China has been reinventing the meaning of chaos recently, ever since its direct confrontation and trade wars with the U.S. commenced. The country is in the news again after reports China a new scam related to cryptocurrencies took Twitter by storm. Crypto-trading platform EtherDelta is at the heart of this alleged scam, a development that has called for the Chinese police’s involvement. The development was first brought to light on Twitter by Primitive Ventures’ @DoveyWan, who tweeted,
“EtherDelta is involved in a major scam in China, police officially take legal action against it The actual beneficiaries of EtherDelta are all Chinese after ownership transition in 2017 Highly recommend western media to follow up.”
EtherDelta’s founder, Zachary Coburn, had sold the company to a group of Chinese individuals (as evidenced by the above photograph), who later built in-house ERC-20 token, EDT, to enable the exit scam. The police got involved only after furious investors blew the whistle to local authorities.
While Coburn’s name from the alleged scam seems to have been cleared, the ex-CEO of EtherDelta was charged by the Securities and Exchange Commission (SEC) in 2018 on the premise of “operating as an unregistered national securities exchange.” Based on the official report, EtherDelta had both the user interface and underlying functionality of an online national securities exchange and was required to register with the SEC or qualify for an exemption. The outcome was as follows,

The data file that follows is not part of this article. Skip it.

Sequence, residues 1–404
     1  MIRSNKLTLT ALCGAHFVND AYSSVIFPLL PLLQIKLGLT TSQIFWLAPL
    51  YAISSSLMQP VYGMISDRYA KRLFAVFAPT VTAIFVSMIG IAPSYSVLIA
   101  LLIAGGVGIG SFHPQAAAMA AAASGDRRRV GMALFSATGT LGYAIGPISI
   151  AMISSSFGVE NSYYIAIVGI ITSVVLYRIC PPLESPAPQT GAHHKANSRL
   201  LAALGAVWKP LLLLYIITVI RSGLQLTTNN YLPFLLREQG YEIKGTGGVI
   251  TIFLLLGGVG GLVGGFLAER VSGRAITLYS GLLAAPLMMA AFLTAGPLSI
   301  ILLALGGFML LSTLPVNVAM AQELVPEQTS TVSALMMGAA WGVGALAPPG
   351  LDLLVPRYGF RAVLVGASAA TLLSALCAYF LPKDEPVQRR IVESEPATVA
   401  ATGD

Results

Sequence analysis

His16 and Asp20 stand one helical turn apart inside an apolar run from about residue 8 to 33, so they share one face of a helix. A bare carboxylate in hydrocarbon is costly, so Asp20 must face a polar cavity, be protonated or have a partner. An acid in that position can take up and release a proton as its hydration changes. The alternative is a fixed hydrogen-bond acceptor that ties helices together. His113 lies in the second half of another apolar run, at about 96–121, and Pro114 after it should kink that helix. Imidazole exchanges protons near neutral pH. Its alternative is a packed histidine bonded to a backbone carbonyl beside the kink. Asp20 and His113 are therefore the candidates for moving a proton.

“Without admitting or denying the findings, Coburn consented to the order and agreed to pay $300,000 in disgorgement plus $13,000 in prejudgment interest and a $75,000 penalty.”
Although no official source has confirmed the aforementioned development, the only proof regarding this matter is a letter from the Changzhou Public Security Bureau that echos the beginning of an investigation. As the plot thickens, developments may require authorities from the U.S and China to jointly investigate into EtherDelta’s past and operations.
AMBCrypto is reaching out to official Chinese sources to get confirmation of the same.